Mae Travels said...

Glad to hear your brother has some time off!

Abigail Nussbaum said...

Thanks for all your hard work in laying out that procedure, truecatachresis. I think my aunt has already worked things out, but I'll call her tomorrow morning and see if she needs it.

I think, however, that you've made my point for me re: the boneheadedness of this design. And frankly, even the 15 second timer idea strikes me as rife with disastrous potential. Is it truly that unlikely that a blind user will hit the OK button accidentally, or happen to press Enter?

Liz said...

I can't think of any other solutions to the problem than having the 15 second timer. Yes, you could remove all options for resolutions which the monitor can't handle, but I suspect trying to make Windows detect the appropriate resolutions for every possible monitor might cause problems.

It may not be unlikely that a blind user would accidentally hit OK, but I'm sure there's even more disastrous options they could accidentally hit than changing the resolution to something unsupported.

Anonymous said...

though i dont like macs, its not as if, living in israel, u can really get one, when you'r not reach (עשיר) that is

Nurit (in case u didnt gessed it from the spelling)

Anonymous said...

Well you know Macs are not full proof in themselves either, there are certainly things that happen in macs also.

Sounds like it got taken care of for your aunt. If anyone else has this problem though, hit your power button and hopefully windows will shut itself down. If not, just do a hard shutdown. Then start backup hitting F8 right after the bios. Choose VGA Mode and when you get into windows you can change back to your usual resolution.

I have to do this with my HDTV when installing new drivers as if I install the drivers and restart without VGA mode it says invalid input, but with VGA it starts up at 640x480 and then I switch to my HDTV resolution.

Anonymous said...

ATI has a taskbar icon that lets you quickly change the resolution in two clicks, easily. There's no DDC or Credit check if the monitor can actually handle the resolution. It's so easy, it doesn't have the 15 second revert window, so you're stuck with it. Easy as a Mac.

I tried using safe mode to change the resolution without success. Safe mode strictly uses 640x480 itself, and refuses to save any resolution change. Changing to any other rez, or even back and forward to attempt to write down 640x480 doesn't work.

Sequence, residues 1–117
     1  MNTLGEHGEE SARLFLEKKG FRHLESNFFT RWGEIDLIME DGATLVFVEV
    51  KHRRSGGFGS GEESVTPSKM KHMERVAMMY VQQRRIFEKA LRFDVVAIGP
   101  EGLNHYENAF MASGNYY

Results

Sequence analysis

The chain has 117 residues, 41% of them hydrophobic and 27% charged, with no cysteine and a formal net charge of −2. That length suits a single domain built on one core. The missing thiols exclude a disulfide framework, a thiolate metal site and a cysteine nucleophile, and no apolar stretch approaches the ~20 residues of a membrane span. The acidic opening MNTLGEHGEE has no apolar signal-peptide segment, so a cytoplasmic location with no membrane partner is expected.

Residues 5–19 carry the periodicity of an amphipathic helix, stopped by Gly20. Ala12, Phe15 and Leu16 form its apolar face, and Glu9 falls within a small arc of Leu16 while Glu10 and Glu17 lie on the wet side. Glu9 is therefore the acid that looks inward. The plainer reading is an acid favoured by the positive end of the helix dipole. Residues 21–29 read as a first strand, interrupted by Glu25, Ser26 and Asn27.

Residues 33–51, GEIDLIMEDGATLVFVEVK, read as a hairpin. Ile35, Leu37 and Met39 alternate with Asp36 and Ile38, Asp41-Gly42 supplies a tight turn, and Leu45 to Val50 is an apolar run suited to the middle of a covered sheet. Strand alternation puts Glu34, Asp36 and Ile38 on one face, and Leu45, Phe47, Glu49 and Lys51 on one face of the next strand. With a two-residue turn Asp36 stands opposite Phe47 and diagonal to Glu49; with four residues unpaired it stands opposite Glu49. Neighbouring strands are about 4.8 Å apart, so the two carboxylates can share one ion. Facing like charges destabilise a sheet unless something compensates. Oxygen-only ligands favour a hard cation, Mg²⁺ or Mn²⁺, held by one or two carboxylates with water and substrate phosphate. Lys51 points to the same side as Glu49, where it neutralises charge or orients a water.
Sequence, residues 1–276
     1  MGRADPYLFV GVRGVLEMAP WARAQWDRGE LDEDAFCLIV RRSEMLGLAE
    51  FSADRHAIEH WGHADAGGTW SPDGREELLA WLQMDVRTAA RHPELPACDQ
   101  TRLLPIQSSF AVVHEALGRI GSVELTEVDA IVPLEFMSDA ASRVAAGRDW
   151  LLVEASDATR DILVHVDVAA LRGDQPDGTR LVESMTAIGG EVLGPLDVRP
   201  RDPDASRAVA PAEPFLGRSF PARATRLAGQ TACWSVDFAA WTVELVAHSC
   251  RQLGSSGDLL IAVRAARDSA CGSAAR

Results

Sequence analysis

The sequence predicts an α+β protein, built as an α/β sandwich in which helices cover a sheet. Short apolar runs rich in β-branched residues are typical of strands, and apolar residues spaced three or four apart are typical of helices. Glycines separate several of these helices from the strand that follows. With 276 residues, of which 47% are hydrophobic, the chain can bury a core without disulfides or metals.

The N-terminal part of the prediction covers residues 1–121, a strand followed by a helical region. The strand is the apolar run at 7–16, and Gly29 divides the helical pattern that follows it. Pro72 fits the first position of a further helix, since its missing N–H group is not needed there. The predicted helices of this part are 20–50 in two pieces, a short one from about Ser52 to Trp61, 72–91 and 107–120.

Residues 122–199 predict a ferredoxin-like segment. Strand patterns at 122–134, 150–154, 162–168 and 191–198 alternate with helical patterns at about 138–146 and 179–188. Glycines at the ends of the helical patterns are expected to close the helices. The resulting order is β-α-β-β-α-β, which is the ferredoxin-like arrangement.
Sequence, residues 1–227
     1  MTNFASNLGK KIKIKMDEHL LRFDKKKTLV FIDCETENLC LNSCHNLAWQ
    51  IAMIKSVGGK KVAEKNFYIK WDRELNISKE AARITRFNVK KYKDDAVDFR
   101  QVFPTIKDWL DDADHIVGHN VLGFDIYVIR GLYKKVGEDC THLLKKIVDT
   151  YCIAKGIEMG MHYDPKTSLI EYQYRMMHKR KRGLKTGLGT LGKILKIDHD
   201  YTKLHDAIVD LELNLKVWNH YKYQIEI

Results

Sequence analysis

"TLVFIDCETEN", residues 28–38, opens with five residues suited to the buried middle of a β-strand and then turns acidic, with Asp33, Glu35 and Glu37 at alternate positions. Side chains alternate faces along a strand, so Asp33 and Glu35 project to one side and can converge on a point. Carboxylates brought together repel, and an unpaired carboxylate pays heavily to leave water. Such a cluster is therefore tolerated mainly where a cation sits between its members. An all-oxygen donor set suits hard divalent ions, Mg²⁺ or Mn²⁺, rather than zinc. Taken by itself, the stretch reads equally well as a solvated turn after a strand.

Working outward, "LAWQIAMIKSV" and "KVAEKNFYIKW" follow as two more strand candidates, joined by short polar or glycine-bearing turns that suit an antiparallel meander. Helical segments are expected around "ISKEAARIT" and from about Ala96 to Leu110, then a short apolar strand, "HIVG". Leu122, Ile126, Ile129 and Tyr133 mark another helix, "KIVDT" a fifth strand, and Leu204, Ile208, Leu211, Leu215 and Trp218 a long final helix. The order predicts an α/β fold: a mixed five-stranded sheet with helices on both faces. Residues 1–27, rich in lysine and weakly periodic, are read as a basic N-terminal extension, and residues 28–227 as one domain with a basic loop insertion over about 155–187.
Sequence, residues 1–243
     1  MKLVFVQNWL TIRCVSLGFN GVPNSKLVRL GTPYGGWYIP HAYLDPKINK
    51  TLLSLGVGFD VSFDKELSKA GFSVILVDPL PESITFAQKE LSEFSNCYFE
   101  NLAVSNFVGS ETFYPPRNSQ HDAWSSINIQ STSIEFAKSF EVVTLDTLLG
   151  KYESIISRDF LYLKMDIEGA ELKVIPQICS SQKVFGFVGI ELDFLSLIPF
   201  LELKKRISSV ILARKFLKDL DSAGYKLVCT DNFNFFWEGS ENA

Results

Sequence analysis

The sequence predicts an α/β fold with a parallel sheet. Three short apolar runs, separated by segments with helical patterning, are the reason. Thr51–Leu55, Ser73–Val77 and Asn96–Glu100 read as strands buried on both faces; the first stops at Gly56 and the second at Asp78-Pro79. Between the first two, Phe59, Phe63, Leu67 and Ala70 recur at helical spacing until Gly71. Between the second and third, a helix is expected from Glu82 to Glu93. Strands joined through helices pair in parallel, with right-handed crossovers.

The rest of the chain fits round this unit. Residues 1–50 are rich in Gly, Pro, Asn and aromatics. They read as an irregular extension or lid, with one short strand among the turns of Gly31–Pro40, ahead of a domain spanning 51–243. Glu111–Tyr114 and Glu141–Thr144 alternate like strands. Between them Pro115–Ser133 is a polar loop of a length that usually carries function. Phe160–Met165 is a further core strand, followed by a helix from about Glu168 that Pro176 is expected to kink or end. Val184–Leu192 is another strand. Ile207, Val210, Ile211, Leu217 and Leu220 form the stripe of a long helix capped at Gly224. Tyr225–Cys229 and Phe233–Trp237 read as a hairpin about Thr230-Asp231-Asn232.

The only fix was to (a) buy a 30" Apple cinema display that can handle the misbegotten res, or (b) uninstall the display driver. In safe mode, you go into Control Panel/System/Hardware tab/Device Manager button. In the Device Manager, Click the plus next to Display adapters, Right click on the vid card, and Uninstall.
If you still have Win2000, forget all that and use the Install/Uninstall button on the main Control Panel - Thanks for removing that, XP!

Anonymous said...

I think people are assuming Safe Mode will work, but it doesn't after someone changes the Graphics Properties resolution (I'm trying to fix my niece's with a blank black Desktop screen)).
You have to "blindly" get to the right menu to change the res, so unless you have another computer with the exact same set-up for the Graphics Properties and you like to figure out tab, cntrl tab, and arrow combinations, HOPE that true...'s method works!
(I'll let you know if mine did).

Anonymous said...

I had this after resizing the res so as to try and pull the window back on screen for a programme that went off the edge. I managed to find the Control panel>display>settings> screen resolution and slider to reset but the OK button was off the screen. I spent ages agonizing and wondering if I would have to do a reinstall or repair install and even tried my old monitor but then tried setting the slider to the correct resolution and hit the Enter (paragraph) key and thank heavens it worked! phew!
Not much of a solution though if you can't get to see the resolution slider:-( Hope this is of help to some. Cheers. CR

Anonymous said...

Press F8 after BIOS
Start Windows in VGA mode